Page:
Numerous people fear that drafting a prenup implies that they are admitting their marriage will end before it has actually even started. The reality is (and please forgive me being a trifle morbid right here) that all marital relationships end– if not in divorce, then in death. For this reason, the California state legislature (and every other state in the Union for that matter) has helpfully crafted a default (read “generic”) plan for you in case you die without an estate strategy, or divorce without a prenup. So the question you must actually be asking yourself, is not whether a prenup implies your marital relationship will end, however whether the government’s universal plan is the right plan for you.
A prenup, like an estate plan, is nothing but more than a document allowing you to take control over your property. A lot of people think they are better suited to decide exactly how their property should pass at death than the government, and the exact same reasoning often applies to divorce. Many couples discover that defining their expectations before marital relationship lessen conflicts later.
If you have a prenup or are preparing to have one, then you have actually currently determined that the cookie-cutter government strategy is wrong for you and your family. Opportunities are that the government plan for exactly how your home must be divided at death will not fulfill your requirements either.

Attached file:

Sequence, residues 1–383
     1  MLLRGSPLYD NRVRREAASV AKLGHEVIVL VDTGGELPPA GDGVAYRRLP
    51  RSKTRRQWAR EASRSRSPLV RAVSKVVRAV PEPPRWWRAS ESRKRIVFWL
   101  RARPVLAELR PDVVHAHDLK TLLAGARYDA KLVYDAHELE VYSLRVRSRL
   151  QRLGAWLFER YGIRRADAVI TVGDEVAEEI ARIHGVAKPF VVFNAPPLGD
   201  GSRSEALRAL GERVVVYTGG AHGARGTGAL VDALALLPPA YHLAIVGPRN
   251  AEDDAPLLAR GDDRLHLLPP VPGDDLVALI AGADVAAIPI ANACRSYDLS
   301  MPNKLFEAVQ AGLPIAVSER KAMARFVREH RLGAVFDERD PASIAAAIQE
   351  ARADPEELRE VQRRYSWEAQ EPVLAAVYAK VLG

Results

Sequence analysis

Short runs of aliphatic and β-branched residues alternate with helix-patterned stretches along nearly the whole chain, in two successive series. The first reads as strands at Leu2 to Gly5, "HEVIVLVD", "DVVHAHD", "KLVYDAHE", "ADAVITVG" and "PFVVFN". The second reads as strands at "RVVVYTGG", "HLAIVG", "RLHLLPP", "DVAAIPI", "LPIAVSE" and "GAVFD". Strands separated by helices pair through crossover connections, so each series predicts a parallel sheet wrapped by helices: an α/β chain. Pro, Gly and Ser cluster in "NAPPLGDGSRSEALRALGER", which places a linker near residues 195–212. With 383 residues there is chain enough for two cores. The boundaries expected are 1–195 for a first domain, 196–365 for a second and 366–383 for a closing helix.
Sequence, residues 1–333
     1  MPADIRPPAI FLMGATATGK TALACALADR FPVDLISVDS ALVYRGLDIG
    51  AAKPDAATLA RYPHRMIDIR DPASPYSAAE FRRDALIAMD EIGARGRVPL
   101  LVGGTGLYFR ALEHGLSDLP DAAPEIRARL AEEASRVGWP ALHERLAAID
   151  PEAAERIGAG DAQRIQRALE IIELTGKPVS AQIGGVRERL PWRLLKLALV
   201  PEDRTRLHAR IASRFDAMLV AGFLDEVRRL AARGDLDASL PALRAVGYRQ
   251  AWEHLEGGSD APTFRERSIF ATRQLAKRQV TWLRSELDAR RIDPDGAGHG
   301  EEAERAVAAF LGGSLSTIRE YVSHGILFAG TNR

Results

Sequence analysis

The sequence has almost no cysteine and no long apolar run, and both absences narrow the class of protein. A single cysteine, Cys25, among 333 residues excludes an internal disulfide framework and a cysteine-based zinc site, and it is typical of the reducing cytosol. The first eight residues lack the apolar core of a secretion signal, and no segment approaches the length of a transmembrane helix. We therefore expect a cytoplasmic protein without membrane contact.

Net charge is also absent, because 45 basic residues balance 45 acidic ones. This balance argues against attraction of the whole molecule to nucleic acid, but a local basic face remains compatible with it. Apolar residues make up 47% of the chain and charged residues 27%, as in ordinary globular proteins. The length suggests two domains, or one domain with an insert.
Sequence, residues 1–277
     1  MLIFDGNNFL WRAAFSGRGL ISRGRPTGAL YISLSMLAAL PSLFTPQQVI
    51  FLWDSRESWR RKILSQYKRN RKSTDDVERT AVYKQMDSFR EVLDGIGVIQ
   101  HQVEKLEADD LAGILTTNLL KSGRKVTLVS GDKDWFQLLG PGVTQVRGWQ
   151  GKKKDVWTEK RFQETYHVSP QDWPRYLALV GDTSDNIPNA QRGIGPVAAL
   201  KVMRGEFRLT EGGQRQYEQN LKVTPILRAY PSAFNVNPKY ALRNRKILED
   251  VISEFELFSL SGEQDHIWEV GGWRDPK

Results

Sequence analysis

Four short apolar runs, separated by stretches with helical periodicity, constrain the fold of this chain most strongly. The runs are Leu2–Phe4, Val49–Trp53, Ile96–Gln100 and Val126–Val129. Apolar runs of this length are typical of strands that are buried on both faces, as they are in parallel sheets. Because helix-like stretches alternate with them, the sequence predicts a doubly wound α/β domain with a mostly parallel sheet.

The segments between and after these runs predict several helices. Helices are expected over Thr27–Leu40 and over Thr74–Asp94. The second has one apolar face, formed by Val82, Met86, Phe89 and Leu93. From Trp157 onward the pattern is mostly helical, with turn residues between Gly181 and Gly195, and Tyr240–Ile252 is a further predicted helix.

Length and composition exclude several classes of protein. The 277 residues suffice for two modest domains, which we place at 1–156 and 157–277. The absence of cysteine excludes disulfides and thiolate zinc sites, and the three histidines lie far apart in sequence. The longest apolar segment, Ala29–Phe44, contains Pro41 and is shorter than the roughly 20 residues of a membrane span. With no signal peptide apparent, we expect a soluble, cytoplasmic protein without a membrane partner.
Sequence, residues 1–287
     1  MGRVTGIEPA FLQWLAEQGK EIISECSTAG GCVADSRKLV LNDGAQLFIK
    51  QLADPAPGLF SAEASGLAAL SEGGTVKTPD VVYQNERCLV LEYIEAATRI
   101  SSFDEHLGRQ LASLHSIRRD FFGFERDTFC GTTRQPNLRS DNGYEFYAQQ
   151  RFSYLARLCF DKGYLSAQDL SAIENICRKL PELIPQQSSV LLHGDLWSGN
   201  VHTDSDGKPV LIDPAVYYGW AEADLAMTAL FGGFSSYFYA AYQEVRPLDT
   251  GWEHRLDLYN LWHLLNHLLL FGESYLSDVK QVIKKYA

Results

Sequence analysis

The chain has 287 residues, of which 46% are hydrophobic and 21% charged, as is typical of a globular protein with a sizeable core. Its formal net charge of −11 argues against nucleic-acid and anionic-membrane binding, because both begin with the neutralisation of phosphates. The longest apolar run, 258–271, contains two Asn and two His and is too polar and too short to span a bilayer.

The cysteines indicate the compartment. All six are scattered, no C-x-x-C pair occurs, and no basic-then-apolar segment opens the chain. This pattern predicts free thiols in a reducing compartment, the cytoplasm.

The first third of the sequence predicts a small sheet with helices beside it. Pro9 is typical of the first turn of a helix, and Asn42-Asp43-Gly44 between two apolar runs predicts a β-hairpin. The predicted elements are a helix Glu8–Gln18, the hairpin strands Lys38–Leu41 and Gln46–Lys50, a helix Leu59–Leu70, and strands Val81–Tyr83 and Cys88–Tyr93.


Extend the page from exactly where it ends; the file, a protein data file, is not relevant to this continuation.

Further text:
So with those points of the way, let’s turn on the meat of this uploading: the intersection of the two documents.
It is essential for wedded couples and signed up residential partners to make sure that their estate strategies and their premarital agreements are not in conflict. It is not unusual for estate planning lawyers who do not have experience with family law to directly concentrate on concerns such as reducing “death taxes” at the exclusion of other previous purposes of their clients. A common mistake is for an estate planning lawyer to re-title property for the sake of the estate plan, but in contravention of the premarital arrangement. This can have the unfortunate result of negating the premarital agreement entirely, and you can think of the negative impact that may have.
Another instance is that many clients on a second marital relationship wish to guarantee that their property will pass to their children from the first marriage, and not to the new partner’s family. This is feasible, but the estate plan and the prenup need to work in conjuction with one another to be effective. One document could not do the task if the other is not in agreement.
For these reasons, it is extremely crucial that your attorney have an understanding of both estate planning and family law. The law around property varies greatly relying on the context and scenarios. Failure to have an attorney evaluate your one-of-a-kind situation from a worldwide viewpoint can have major unexpected and extremely costly repercussions.